A film, photographic, essay*, and mapping project about the aquatic dead zone of the Gulf of Mexico and the terrestrial dead zones of government subsidized corporate farming across the colonized and transformed prairies of the “American heartland” and the devastating impact on communities of color and fragile ecosystems downstream. Techno-geo-archaeological landscapes are revealed from above and below the land of the vast Mississippi River Watershed. In collaboration with Priyanka Basu.
The Gulf dead zone is an exemplary instance of the normalization of environmental violence and death in the contemporary world. This dead zone, first recorded in 1972, is the massive hypoxic area in the Gulf of Mexico caused primarily by agricultural runoff along the Mississippi River. This overflow of excess nutrients, bacteria, and other waste materials causes the wild overgrowth of sunlight-absorbing algal blooms that blanket the Gulf for miles. The resulting waste and devastation spaces grow to enormous scales, and like other types of slow violence, are difficult to grasp and represent. These directly affect communities whose voices and stories are rarely heard, in this case, from rural communities along and at the end of the polluted waters, small-scale fishermen around the Gulf, to distinctive cultural communities, including communities of color, along the Mississippi River Delta.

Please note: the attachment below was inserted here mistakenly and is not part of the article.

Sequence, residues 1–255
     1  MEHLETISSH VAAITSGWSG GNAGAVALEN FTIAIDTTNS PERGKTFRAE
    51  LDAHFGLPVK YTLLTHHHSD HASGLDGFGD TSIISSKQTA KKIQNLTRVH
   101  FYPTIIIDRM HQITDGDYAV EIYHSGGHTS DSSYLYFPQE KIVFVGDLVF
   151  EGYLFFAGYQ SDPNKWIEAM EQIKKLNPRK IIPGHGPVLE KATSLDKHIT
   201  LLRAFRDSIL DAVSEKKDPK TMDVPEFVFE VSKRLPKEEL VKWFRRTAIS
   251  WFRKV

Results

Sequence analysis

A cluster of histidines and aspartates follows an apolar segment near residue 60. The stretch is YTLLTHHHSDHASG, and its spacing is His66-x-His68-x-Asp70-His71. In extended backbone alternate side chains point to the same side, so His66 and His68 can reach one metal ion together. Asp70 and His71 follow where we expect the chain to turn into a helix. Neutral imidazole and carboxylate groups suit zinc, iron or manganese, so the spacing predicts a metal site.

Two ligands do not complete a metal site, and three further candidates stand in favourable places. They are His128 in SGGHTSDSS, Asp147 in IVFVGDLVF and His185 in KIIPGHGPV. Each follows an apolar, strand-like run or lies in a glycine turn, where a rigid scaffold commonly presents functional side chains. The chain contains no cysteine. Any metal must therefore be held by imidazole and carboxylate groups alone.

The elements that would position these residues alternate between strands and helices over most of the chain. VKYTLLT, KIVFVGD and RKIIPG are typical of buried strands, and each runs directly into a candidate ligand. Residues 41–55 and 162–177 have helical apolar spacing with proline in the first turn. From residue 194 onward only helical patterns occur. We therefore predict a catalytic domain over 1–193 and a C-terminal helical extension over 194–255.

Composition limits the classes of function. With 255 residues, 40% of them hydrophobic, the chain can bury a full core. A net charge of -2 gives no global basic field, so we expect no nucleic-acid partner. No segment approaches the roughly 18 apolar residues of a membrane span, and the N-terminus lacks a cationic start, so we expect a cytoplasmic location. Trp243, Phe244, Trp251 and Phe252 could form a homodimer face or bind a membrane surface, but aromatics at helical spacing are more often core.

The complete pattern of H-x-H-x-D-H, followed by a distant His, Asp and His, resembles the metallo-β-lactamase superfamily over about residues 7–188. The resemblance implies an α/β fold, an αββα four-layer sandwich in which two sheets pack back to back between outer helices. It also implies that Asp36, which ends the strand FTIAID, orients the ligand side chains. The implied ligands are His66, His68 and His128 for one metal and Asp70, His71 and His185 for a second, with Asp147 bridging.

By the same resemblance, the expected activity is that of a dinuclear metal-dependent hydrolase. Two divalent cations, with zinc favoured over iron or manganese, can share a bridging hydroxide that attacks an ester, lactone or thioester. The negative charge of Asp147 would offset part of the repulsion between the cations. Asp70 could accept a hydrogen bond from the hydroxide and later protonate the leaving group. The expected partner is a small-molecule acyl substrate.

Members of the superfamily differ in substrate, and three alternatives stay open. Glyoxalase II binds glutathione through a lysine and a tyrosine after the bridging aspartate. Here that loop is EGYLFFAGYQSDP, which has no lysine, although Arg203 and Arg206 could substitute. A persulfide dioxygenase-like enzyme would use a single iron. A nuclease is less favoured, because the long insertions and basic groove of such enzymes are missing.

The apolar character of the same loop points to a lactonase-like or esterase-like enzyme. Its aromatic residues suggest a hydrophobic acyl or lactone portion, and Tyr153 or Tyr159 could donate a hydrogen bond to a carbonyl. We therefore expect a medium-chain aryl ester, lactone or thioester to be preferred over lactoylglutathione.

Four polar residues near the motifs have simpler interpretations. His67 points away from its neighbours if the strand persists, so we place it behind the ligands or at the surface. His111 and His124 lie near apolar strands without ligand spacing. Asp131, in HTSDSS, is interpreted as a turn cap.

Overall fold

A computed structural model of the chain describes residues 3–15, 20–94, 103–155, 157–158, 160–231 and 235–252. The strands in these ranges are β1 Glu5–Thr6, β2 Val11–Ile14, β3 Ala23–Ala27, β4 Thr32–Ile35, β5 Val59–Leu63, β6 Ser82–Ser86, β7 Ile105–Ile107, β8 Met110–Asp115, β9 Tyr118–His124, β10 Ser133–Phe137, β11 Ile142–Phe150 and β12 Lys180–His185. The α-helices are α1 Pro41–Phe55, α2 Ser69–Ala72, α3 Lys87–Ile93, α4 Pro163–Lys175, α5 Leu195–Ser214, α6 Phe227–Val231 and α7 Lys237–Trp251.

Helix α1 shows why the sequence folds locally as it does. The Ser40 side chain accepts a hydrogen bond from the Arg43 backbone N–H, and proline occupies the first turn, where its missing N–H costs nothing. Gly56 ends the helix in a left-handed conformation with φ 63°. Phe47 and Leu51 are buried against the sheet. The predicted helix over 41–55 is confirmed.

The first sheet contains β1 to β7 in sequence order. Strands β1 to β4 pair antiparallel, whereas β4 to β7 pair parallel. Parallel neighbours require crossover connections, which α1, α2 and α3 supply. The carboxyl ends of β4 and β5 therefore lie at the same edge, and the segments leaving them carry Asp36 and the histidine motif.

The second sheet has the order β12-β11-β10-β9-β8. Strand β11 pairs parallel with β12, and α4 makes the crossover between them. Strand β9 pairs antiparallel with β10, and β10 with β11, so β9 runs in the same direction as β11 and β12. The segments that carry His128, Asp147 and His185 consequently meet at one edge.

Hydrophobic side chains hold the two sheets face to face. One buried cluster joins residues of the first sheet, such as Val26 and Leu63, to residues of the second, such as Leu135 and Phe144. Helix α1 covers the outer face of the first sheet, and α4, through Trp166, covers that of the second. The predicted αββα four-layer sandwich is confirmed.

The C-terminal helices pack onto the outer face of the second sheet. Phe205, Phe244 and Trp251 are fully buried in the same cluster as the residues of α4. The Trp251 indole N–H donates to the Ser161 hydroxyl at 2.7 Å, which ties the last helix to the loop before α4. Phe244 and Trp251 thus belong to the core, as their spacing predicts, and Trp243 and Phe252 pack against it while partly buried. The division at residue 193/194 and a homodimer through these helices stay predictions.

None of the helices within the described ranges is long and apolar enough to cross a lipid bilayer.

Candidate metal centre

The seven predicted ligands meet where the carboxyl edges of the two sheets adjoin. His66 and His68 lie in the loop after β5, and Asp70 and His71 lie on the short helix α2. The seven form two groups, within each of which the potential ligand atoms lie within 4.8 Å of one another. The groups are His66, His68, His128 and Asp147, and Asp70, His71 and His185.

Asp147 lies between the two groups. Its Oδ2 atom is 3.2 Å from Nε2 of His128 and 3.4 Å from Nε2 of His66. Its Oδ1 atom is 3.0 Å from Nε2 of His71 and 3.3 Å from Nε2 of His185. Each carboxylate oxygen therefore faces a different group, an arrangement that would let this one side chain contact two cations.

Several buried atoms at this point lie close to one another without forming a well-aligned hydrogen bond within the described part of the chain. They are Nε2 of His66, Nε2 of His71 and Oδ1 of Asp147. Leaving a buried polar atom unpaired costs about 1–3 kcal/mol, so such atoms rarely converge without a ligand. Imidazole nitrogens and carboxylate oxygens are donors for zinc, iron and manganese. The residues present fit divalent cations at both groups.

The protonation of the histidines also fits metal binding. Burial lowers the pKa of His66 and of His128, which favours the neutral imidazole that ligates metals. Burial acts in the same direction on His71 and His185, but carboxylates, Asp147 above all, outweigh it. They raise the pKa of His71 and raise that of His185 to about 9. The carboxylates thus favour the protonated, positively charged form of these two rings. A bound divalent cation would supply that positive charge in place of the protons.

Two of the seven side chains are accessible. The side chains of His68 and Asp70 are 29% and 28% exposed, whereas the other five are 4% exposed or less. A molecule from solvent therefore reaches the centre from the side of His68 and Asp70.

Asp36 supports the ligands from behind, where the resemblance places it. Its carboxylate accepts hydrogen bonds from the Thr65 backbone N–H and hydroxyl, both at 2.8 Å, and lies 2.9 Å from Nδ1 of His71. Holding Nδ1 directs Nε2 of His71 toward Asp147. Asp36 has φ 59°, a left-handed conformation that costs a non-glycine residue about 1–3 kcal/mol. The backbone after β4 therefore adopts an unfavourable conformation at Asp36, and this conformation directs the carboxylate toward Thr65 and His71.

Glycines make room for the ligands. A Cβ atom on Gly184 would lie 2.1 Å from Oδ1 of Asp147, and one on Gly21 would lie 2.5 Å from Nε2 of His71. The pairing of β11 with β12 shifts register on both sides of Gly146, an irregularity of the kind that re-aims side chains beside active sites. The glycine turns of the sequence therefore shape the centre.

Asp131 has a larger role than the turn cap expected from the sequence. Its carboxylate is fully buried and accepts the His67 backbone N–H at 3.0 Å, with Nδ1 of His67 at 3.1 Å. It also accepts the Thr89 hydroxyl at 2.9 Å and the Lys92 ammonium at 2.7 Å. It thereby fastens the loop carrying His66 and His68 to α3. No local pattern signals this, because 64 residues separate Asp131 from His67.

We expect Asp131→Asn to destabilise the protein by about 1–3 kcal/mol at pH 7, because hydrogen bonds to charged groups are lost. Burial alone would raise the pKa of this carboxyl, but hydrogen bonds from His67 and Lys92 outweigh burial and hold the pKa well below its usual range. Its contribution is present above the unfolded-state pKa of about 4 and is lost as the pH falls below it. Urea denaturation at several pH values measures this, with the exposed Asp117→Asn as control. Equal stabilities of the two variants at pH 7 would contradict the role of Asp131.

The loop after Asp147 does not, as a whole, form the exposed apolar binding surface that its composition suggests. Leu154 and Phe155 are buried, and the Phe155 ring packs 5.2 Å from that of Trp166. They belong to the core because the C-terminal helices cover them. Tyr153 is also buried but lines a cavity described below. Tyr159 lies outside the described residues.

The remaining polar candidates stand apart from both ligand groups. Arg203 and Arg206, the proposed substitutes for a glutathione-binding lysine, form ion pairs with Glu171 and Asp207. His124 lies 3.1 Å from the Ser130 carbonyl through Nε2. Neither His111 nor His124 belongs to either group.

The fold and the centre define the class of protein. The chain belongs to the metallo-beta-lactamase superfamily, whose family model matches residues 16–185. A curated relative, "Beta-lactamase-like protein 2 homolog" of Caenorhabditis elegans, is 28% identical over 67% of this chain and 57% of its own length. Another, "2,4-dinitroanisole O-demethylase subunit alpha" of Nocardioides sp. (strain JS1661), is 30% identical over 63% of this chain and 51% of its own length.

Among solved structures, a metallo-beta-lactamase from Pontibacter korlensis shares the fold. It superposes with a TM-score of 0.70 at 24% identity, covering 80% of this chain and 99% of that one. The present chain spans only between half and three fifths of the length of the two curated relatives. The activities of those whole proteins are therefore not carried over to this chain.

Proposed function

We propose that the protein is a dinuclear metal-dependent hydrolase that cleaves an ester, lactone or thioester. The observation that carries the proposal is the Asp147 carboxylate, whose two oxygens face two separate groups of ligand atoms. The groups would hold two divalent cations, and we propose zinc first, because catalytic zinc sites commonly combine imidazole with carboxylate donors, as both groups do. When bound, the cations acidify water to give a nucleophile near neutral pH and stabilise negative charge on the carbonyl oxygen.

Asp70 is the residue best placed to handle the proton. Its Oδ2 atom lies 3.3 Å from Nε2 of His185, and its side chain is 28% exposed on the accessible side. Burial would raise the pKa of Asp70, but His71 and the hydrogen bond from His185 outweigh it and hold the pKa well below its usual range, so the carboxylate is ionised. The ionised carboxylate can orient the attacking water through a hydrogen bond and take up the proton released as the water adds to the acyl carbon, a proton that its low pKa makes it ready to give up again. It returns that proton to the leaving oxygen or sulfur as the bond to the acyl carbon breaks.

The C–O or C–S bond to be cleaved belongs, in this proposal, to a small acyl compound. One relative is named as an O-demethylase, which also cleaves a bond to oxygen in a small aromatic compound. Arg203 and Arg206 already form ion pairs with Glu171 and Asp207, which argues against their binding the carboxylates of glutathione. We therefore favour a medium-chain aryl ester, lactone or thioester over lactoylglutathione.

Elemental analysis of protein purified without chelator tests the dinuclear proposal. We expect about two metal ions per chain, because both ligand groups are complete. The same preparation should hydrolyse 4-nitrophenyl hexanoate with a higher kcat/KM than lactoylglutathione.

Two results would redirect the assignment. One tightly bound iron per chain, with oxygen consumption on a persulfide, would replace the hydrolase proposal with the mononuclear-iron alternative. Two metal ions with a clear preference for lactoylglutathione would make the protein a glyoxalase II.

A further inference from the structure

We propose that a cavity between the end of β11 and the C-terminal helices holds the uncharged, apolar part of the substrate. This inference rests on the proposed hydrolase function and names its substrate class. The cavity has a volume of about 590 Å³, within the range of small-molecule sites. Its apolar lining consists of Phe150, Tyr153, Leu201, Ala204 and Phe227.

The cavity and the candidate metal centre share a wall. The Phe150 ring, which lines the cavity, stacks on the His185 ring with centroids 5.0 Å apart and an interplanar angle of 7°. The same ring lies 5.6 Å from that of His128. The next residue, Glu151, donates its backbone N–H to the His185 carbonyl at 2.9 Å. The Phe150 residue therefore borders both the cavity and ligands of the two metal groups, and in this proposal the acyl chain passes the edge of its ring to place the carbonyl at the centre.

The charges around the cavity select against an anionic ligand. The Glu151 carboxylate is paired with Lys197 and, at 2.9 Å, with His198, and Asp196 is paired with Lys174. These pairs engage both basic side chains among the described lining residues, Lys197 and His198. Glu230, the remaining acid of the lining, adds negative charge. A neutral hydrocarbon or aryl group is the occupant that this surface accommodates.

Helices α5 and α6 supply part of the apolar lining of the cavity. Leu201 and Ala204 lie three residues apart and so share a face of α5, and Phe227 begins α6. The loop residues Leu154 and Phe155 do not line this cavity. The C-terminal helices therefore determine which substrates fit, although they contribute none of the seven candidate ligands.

- Text from “Dead Zones: Fertile Wastes at the Head and Tail of the Mississippi River” by Priyanka Basu and Steve Rowell in Decapitated Economies (Berlin, K. Verlag, 2023).
Made possible with support from the John Simon Guggenheim Memorial Foundation, the MacDowell Foundation, and the Art + Technology department at the University of Florida.